A Very Fast Descent Into Hell is a very different kind of horror story. One unlike any other on book racks today. It is a remarkably simple, but beautiful parable. A story that is gritty, sharp, and pensive…
Laying down a tight plot and writing crisp, clean prose, its creator, Simon Drax, deftly propels the chilling narrative through the bleak landscape of mankind’s possible last days. Along the way, Drax offers us a prophetic vision of our best chance for survival. Like all good storytellers, Drax, as he is known to a growing number of fans, wastes no time diving into the action. He quickly introduces us to Robert Phelan, a hollow priest burned out by near immortality, a horrific bloodlust, and centuries of self-loathing. We first meet Phelan as he tries to ingratiate himself to Darius Kane, boasting to Kane about the depth of his evilness and the stupidity of his wretched disciples. Although his pathetic flock looks to Phelan for salvation, the deceitful priest offers little in the way of redemption, preferring to prey on his congregation’s useless prayers and fading dreams.
Weary of the wasteland earth has become, Kane is cooly unimpressed with Phelan. Even though Kane is earth’s last remaining demon, he is fast losing his taste for the sufferings of mankind. Soon after meeting Phelan, Kane begins questioning his own demonic existence and attempts to find his true place in the world. Although Darius Kane is a spawn from the deepest corridors of Hell, it’s hard not to think of him as truly a man instead. Drax’s sympathetic portrayal of Kane’s personal growth and indomitable human spirit is one of the most compelling reasons to read this book. While Phelan’s story is one of eternal damnation, Kane’s is one of eventual liberation.
Phelan and Kane both play a pivotal role in the world’s fate, but the true destiny of humanity actually rests with the mysterious, white-haired man known simply as Ryder. Kane and Phelan both owe allegiance to Ryder, but for two entirely different reasons. Kane reluctantly looks to Ryder for enlightenment about the mortal inhabitants of earth, but Phelan eagerly seeks Ryder’s favor because of his personal quest for raw, dark power. The endgame these three play at the edge of the world will eventually decide the ultimate judgement of mankind.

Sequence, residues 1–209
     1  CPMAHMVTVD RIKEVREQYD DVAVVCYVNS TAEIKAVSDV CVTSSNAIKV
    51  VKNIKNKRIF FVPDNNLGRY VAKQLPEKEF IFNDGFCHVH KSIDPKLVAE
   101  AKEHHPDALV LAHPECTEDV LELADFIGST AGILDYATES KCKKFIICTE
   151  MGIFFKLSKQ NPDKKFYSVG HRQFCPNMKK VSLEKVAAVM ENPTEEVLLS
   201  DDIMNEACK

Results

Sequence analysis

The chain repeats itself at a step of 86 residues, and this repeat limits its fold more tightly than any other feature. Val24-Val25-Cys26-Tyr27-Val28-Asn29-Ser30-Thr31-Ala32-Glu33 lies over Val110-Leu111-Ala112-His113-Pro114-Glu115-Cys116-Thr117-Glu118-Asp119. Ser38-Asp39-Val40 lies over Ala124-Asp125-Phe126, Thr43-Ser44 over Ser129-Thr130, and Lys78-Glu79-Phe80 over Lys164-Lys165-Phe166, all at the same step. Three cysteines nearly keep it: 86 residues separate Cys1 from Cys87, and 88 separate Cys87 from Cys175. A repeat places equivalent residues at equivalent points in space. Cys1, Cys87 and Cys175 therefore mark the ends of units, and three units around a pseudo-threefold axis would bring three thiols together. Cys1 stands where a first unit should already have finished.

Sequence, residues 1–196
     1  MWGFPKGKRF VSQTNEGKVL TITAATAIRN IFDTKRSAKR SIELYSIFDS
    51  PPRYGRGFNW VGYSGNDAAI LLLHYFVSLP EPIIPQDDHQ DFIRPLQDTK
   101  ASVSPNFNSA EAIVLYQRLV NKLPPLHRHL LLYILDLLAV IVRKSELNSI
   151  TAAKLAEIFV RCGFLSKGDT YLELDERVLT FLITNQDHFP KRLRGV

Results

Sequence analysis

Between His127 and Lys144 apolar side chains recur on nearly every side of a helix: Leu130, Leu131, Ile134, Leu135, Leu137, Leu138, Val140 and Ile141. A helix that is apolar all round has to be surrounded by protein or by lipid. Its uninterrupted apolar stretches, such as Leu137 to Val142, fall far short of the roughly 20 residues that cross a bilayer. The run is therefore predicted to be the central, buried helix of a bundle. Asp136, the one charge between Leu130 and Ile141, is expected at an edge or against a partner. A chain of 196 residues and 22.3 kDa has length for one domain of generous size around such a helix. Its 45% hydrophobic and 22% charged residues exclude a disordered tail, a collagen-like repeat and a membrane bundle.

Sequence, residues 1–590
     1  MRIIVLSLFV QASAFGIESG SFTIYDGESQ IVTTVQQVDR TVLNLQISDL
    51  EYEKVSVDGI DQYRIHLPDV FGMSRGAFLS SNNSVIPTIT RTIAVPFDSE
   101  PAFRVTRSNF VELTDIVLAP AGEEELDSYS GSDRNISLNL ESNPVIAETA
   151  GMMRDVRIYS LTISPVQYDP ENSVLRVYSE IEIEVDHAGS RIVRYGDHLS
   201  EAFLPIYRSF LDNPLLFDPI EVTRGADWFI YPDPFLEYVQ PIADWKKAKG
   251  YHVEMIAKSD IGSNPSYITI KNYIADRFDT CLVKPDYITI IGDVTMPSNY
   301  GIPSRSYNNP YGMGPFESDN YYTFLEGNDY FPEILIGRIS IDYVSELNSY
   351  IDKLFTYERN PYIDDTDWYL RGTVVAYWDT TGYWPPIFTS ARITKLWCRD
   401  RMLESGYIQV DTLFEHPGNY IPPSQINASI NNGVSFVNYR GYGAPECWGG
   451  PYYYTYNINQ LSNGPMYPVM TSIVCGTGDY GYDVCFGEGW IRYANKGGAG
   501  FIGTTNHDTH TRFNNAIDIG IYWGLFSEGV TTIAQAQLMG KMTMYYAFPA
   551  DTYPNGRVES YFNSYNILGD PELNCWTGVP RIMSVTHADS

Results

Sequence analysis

Drax’s short fiction has appeared in several small horror magazines, including Fever, Bonesaw, After Hours, and Midnight Zoo. Besides writing fiction, Drax is a regular film reviewer for VideoScope and his love of movies is apparent in his first book. In some ways, reading A Very Fast Descent Into Hell is like watching a great horror movie. The vivid mind pictures Drax paints are often more colorful than the sharpest celluloid images found on the big screen. Like the unwinding frames of a film masterpiece, the inhabitants of A Very Fast Descent Into Hell will become more and more alive as you turn each page. A dry wind will blow across a desolate land… Yellow dust will fall from the thick desert air… The acrid smell of spilt blood will sting your nostrils…
As you can see, the book’s intense scenes and penetrating characters still burn brilliantly in my mind, weeks after I have finished the last page. And I wonder if Darius Kane has…
Well, that would spoil the story for you, wouldn’t it? Let’s just say that horror is exciting again — and imaginative and creative. The way it should be. As Drax would say, “rock on!”
— Joseph C. Romano, Scary Monsters Magazine
† † †
DESCENT character studies by Brian Dow
Two faces of Darius
Ryder and Phelan
Brian Dow is an illustrator par excellence and an old friend.
Visit him at briandowstudio.com
DESCENT’s Dramatis Personea by Victor Ramon Mojica
— Victor Ramon Mojica
and behold, King Unicorn | EC Steiner
Saint Catherine and foes, lovingly rendered by
[and there is one missing piece by GF Studio]
† † †
The final variations based on Paul’s original elements
† † †
THE DELETED SCENE(S)